Stones of Empire

Jan Morris with Simon Winchester

Read September-October, 2006

Mid-1980s Britain apparently saw a sudden nostalgia for colonial outposts, and none dominates the imagination quite like India. Caught up in this fervour, Jan Morris writes on the subject of British buildings in India; her photographer and collaborator is Simon Winchester in his Young Turk days.

There is, obviously, a great book waiting to be written on this topic. Architecture is the most practical artistic statement a civilization can make. What, then, do we read into British buildings in India? Precisely that the population of a cold, wet island was trapped on a huge, faraway peninsula that is usually hot, often dry, and sometimes lashed by rains and chilling winters. The settlers' nostalgia often trumps their needs, producing buildings of utter impracticality; add to this a certain desire for economy (India was largely governed by a corporation, after all), as well as the usual colonial outpost fear of running afoul of the fashions back home. The resulting buildings are awkward, often ugly, rarely beautiful or elevating, and sometimes hilariously outlandish. It is, in sum, a tale of mediocrity and obtuseness.

Morris peppers the book with analysis and vignettes. She observes the clash of Classical and Gothic representing the transition from the rule of a secular company to a grandiose empire. She enumerates the bizarre confections, from Swiss chalets to Oxbridge imitations to, perhaps strangest of all, a replica of Ypres's Cloth Hall. She observes that Art Deco never invaded India, save for her cinema theaters. And she finds some curious constructions, from the Madras ice house (pg. 32) to railway tunnels at the frontier of the Great Game in Afghanistan.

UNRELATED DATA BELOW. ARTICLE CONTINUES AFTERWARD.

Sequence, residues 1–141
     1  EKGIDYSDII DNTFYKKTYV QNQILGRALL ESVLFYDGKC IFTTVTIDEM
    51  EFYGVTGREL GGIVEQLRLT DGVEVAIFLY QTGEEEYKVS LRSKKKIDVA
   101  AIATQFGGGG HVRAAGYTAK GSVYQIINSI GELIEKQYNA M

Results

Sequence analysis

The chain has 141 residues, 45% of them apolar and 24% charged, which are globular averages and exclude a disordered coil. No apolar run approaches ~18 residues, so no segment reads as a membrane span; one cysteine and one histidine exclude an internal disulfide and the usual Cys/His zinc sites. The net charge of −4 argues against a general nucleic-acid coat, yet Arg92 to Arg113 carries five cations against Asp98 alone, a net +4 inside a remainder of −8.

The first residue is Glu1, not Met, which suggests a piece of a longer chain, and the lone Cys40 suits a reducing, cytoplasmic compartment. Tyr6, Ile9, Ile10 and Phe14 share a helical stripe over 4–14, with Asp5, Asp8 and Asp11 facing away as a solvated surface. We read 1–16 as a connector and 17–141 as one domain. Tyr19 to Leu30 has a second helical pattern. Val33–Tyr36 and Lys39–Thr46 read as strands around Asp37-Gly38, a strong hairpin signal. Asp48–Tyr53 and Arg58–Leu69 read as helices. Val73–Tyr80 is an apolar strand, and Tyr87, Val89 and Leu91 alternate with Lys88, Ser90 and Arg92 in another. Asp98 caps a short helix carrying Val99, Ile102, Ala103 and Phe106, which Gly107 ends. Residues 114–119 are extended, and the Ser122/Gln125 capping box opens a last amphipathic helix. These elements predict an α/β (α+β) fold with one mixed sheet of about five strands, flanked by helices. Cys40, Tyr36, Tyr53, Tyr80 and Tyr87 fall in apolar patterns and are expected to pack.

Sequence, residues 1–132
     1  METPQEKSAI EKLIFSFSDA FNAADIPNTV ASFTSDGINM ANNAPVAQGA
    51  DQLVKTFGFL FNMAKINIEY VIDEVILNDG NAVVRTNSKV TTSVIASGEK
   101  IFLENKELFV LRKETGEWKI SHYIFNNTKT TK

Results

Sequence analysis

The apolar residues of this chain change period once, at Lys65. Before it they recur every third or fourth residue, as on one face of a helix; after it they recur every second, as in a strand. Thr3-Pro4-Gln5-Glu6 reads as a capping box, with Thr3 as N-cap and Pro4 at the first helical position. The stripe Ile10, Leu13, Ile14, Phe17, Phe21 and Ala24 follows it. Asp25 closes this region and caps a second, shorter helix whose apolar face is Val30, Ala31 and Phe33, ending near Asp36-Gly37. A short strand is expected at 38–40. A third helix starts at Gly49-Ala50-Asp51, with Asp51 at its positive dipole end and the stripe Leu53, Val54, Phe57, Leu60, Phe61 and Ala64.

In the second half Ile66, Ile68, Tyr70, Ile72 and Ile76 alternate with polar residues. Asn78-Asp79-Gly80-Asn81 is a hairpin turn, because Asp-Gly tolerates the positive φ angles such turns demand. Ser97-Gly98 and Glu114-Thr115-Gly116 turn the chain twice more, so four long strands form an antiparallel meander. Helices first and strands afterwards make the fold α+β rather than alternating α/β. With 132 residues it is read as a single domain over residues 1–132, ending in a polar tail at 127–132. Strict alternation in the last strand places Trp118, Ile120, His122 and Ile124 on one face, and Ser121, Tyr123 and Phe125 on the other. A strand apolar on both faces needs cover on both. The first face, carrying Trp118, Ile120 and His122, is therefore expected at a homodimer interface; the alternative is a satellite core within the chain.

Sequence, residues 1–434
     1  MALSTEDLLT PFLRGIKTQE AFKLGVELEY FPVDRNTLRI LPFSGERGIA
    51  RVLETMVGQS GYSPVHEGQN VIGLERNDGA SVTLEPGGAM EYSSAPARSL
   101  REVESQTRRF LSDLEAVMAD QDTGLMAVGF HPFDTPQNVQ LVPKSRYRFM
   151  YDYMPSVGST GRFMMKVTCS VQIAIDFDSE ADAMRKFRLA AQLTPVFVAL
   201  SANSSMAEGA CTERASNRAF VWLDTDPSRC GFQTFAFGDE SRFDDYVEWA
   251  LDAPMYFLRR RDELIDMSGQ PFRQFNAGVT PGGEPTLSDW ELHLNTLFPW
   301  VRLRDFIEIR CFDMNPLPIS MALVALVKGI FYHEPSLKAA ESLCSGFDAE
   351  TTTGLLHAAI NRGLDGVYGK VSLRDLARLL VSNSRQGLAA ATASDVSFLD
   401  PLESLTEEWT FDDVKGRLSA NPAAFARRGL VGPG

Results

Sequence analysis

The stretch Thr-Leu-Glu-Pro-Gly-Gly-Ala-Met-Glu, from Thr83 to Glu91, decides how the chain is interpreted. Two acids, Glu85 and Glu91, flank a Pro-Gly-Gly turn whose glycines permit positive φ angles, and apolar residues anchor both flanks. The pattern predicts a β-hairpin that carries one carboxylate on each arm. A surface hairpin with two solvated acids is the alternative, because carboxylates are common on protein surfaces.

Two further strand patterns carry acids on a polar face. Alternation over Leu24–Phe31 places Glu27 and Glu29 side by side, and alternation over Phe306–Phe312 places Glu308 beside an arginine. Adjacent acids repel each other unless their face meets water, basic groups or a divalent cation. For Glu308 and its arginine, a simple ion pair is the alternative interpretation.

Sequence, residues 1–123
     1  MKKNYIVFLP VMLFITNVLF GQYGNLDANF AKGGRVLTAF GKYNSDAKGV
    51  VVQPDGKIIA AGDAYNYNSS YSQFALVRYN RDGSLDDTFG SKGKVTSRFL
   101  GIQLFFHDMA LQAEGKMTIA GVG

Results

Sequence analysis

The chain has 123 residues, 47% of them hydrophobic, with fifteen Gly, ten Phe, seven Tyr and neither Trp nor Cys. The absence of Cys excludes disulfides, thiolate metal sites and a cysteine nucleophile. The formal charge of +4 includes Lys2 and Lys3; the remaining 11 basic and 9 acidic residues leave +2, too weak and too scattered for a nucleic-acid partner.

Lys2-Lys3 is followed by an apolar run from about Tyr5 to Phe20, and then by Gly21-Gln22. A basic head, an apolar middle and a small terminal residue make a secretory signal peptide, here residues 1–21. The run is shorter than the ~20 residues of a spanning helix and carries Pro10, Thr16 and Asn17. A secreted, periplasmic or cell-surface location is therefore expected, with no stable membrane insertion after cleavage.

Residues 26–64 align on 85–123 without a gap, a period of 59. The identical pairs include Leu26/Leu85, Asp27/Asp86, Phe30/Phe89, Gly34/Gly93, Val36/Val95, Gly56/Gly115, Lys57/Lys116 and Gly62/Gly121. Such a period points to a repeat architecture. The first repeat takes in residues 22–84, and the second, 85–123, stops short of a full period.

Despite that, this book never gels. Morris's strength is in human observation leavened with commentary on place, time, and other abstractions. While India is as fertile a territory as one could want, the humans she wants to observe have long since fled the scene, decades and even centuries earlier. As a result the book falls flat and cold, much like one of the stones in the title. The structure is blandly taxonomic, and she can't bring herself to write more than a few paragraphs, or at most a page or two, before moving on to her next assignment. The book also lacks variety, focusing too much on the imperial cities and largely neglecting the wild fancies of more provincial ones. As such it is a work without passion, and the very title suggests her remove.

This book was originally published in 1983. It was re-issued in 2005 with a new foreword by Winchester. In the re-issue, his biographical sketch is larger than hers and there is no evidence of her renewed involvement. A cynical venture?